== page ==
Accidents can happen when we least expect it, especially on the water. One of the most common accidents in fishing is a broken rod. Whether it’s a guide or the tip, rods seem to endure a lot of punishment. A broken piece doesn’t mean you have to buy a new rod, however. In fact, there are kits and components to repair a rod available at any outdoor retailer, and all it takes to make repairs on the fly is a little time and some patience.

Alright, so your rod got a minor boo-boo. No worries. The most important thing is to not get frustrated and damage the rod further out of anger. Take a moment, take a breath, and assess the damage before going further.

If it’s just the tip, even a few inches, then it’s not that big of a deal. Simply take the rod to your nearest outdoor retail store and find the rod tip repair kits. It helps to bring the rod so you know what size tip you’ll need. To replace the tip, you’ll need a replacement and some glue, which you’ll melt and apply to the rod. Be sure to make as clean of a break as you can without losing too much more of the rod itself and apply the melted glue around the tip itself. Then carefully attach the replacement guide, making sure that it’s aligned straight, and hold it in place until the glue dries. Then, most tips will require you to heat the rubber wrapping in order to better secure it to the rod. If you’re hesitant on doing the job yourself, most fishing associates are knowledgeable on the process and will be glad to help out.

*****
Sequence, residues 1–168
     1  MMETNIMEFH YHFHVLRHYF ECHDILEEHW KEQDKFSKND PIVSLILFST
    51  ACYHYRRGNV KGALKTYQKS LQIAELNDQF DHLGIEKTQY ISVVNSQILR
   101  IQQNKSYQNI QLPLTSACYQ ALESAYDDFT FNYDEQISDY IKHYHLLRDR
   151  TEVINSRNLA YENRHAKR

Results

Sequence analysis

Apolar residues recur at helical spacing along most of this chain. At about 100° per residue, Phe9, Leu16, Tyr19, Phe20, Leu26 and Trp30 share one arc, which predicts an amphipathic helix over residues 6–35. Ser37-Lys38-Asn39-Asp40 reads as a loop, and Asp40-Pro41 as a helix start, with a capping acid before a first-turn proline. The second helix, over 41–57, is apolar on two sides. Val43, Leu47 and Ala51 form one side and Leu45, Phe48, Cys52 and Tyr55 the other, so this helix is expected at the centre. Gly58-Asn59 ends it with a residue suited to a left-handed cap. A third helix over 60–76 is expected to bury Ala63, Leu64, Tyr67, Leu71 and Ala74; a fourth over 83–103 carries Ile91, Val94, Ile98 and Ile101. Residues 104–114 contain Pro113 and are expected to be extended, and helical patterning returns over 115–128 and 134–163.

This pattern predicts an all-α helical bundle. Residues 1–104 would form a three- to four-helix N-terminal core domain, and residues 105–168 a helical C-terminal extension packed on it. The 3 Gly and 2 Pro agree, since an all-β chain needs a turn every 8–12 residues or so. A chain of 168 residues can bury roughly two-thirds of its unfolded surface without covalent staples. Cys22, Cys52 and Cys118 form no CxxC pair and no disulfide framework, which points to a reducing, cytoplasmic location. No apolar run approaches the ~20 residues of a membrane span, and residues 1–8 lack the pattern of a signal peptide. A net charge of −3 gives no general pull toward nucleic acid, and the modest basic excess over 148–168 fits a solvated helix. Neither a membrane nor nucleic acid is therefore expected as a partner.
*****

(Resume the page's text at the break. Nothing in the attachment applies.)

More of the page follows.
If it’s a guide along the rod itself that needs to be replaced, then the process is just as simple. First, cut the thread holding the guide in place and remove it completely. Place the replacement rod in position and then rewrap it tightly. Finally, apply epoxy or lacquer to hold it in place and allow it to dry. There are several guides to choose from, and most come in complete kits.

Of course, there are repairs that simply cannot be made on our own, and require the aid of a professional. If your rod is broken completely in half, I suggest either buying a new one, unless the rod is still under warranty. Furthermore, most retailers will be happy to replace it, but be sure you have the receipt and it’s within a reasonable amount of time from the date of purchase. Each retailer is different, though, so don’t quote me on that.

Repairing a broken tip or guide yourself can be a rewarding experience in itself. Often times, it’s so much cheaper to buy a tip for a few bucks, rather than replace the rod altogether. While some damages can’t be remedied, the most common injuries that fishing rods incur are easy fixes that require nothing more than a moment of frustration and a quick trip to the store.  

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